Intelligence interest was reduced
MI5 concluded in 2016 that Butt might have ultimately decided to try to go overseas to fight - probably in Syria. That placed him below the top priority suspects - but he was still the subject of some serious scrutiny.
But the lack of a clear view of Butt's intentions - and demands for MI5 resources to look into people who appeared to be planning attacks - led investigators to suspend his case between 21 March and 5 May 2017.
MI5 needed resources that had been dedicated to Butt for more urgent priorities. Before his investigation was reopened, he was also reclassified from someone who was likely to be a threat to national security, to someone who might be.
Two weeks before his attack, an assessment of whether he had the intent and capability to be a lone attacker concluded the threat he posed was "unresolved".
Butt had access to children
MI5 had received intelligence that Butt was teaching Koran classes to children - but not where.
It passed this tip to the police - who have the responsibility for preventing children being drawn into violent extremism. The security service suggested some possible locations - but they did not include the Ad Deen school where he was working alongside his fellow future attacker, Youssef Zaghba.
Lawyers for the families argue this was an opportunity missed. Had MI5 and the police established Butt's link to Zaghba - it may have led to further intelligence as to their intentions.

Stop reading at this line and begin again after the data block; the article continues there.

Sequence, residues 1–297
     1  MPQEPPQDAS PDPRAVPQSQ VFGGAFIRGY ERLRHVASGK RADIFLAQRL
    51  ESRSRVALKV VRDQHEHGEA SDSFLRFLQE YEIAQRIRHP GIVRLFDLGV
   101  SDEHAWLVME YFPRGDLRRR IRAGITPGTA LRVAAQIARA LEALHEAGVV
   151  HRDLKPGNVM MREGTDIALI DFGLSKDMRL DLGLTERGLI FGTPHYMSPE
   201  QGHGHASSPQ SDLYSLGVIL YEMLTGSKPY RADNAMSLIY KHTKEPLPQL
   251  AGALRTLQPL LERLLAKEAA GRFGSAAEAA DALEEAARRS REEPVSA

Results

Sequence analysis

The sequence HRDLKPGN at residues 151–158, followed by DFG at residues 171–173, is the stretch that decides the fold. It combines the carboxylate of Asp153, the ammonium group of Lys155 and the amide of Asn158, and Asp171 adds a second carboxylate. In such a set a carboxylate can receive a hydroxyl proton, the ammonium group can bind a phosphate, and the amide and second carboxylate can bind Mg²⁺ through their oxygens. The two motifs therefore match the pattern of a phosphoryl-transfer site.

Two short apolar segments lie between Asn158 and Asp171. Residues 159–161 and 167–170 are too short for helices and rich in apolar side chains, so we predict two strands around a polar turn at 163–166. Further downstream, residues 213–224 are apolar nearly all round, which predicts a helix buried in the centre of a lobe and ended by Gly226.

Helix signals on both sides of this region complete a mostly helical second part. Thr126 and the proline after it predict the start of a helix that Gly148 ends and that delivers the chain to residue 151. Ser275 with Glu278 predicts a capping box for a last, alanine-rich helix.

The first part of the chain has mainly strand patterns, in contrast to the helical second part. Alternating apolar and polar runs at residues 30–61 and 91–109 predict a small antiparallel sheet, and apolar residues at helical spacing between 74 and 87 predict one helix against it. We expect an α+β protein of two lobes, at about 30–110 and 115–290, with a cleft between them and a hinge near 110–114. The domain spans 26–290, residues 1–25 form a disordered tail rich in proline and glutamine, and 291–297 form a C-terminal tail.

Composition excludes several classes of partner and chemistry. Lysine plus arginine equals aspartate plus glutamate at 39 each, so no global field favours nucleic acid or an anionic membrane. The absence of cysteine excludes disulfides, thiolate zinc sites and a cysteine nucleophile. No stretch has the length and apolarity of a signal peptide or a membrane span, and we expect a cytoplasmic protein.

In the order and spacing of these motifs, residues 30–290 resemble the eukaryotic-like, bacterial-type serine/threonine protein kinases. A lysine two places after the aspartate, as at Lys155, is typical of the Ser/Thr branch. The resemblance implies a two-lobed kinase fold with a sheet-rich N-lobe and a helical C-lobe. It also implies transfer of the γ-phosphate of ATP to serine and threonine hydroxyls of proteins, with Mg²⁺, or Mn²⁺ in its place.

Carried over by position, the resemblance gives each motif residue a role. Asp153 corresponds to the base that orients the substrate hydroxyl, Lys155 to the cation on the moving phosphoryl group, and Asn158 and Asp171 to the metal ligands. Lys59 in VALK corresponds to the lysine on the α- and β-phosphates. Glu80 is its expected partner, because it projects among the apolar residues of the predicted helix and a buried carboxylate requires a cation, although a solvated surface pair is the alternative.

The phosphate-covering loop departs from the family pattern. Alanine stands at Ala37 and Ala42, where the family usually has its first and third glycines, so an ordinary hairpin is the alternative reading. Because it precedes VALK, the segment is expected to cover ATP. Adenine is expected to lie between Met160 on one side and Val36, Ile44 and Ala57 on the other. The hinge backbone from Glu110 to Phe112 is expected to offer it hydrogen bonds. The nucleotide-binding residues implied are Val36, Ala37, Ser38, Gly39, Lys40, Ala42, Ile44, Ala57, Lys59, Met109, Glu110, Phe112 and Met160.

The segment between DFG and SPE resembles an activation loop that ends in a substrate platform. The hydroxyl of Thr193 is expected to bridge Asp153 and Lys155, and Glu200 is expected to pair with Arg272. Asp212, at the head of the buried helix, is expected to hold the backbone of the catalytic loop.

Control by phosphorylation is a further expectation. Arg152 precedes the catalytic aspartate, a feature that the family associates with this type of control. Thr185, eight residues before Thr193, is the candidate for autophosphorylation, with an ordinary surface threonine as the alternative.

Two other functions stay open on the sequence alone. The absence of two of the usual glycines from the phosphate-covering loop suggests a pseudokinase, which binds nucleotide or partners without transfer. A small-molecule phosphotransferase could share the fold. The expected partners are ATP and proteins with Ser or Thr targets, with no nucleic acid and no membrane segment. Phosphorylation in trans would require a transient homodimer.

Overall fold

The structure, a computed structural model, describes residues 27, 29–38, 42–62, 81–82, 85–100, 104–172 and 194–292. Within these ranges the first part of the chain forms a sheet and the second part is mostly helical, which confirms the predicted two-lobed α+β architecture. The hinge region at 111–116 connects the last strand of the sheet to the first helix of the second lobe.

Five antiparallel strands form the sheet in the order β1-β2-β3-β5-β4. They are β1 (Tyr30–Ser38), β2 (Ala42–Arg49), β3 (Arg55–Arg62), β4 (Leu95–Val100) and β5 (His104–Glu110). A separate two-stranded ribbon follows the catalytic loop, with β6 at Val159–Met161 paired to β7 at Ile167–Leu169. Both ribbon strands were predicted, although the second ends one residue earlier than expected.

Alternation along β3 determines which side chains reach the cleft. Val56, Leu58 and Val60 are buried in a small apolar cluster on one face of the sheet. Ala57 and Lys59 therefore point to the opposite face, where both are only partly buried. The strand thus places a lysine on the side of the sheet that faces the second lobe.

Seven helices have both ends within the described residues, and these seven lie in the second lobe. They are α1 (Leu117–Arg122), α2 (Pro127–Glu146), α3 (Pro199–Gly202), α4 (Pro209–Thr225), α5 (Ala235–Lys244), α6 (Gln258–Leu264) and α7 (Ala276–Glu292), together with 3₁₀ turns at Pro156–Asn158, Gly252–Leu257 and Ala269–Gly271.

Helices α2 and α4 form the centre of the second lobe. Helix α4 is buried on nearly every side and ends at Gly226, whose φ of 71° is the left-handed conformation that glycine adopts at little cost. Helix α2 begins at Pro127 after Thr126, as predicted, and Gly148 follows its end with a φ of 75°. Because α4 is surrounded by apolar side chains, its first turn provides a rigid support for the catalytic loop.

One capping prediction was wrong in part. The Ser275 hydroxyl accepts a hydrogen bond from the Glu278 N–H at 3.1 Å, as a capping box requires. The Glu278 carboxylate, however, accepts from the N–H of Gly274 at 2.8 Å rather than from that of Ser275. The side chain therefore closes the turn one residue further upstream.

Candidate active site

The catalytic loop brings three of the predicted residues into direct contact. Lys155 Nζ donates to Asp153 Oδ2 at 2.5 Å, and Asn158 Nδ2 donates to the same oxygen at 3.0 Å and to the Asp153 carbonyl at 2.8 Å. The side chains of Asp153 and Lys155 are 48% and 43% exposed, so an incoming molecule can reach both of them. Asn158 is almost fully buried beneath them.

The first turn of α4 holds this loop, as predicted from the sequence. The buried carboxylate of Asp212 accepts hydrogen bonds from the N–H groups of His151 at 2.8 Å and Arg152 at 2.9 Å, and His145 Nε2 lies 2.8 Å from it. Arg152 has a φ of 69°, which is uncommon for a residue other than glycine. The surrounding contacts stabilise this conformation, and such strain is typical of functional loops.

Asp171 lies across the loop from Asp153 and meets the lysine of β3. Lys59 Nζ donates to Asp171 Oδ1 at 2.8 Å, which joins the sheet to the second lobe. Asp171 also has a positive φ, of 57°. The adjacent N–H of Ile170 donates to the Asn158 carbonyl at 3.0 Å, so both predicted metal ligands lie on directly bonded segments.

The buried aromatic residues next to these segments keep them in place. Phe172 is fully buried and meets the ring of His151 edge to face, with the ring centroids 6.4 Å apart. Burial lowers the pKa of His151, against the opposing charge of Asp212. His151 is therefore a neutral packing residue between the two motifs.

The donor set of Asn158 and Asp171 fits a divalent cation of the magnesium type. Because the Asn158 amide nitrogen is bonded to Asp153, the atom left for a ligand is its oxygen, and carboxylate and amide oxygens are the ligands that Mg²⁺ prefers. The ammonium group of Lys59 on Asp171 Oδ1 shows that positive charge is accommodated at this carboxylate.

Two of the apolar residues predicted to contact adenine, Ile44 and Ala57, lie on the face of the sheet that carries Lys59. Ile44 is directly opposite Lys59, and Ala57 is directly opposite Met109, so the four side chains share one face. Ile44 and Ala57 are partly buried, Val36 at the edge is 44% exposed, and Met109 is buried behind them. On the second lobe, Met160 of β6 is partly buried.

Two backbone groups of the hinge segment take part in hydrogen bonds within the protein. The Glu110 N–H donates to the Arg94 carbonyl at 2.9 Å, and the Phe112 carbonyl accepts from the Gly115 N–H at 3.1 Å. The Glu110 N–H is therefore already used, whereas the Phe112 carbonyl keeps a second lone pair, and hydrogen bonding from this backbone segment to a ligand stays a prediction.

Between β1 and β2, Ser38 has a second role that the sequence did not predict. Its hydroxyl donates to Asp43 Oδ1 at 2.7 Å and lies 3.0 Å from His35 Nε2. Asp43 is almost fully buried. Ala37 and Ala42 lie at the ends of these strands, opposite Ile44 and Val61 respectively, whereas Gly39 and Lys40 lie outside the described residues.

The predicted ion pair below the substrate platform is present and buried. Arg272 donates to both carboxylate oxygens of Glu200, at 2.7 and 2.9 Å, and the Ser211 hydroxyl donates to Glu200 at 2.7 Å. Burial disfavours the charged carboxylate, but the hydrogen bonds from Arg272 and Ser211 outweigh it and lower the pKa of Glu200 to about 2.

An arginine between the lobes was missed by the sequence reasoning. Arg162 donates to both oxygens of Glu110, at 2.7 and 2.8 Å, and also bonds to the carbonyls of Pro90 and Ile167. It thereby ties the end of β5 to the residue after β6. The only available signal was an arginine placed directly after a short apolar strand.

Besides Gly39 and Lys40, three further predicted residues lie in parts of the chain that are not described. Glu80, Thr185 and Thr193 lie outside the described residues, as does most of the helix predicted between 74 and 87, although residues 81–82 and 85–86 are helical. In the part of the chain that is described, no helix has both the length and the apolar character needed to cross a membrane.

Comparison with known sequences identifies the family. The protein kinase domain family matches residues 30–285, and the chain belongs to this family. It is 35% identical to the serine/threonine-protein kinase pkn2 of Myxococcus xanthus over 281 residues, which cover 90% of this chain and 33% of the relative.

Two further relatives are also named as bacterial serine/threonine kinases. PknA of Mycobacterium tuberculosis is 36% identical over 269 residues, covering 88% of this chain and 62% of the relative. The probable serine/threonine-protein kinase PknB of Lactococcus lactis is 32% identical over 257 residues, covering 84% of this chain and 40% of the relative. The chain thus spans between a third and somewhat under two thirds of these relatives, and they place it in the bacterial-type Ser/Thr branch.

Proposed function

MI5 argued not. Zaghba would have appeared a social contact - and Butt's extremism was already known.
The attackers met at a gym
One of Butt's haunts was the Ummah Fitness Centre in Ilford, east London. And he met both Zaghba and third attacker Rachid Redouane there.
The gym was run by Sajeel Shahid, who was previously said in court to have run a training camp in Pakistan attended by the ringleader of the 2005 London suicide attacks.
MI5's witness told the inquest there was nothing to suggest the gym was a centre of extremist activity.
Mr Patterson, for the six families, said he could not understand why the gym had not become a focus of investigation.
After the attack, it emerged that the three attackers appeared to meet outside the gym late one night and used anti-surveillance techniques to avoid being listened to while talking.
"The attack planning was there to be detected," said Mr Patterson.
There was a bureaucratic mix-up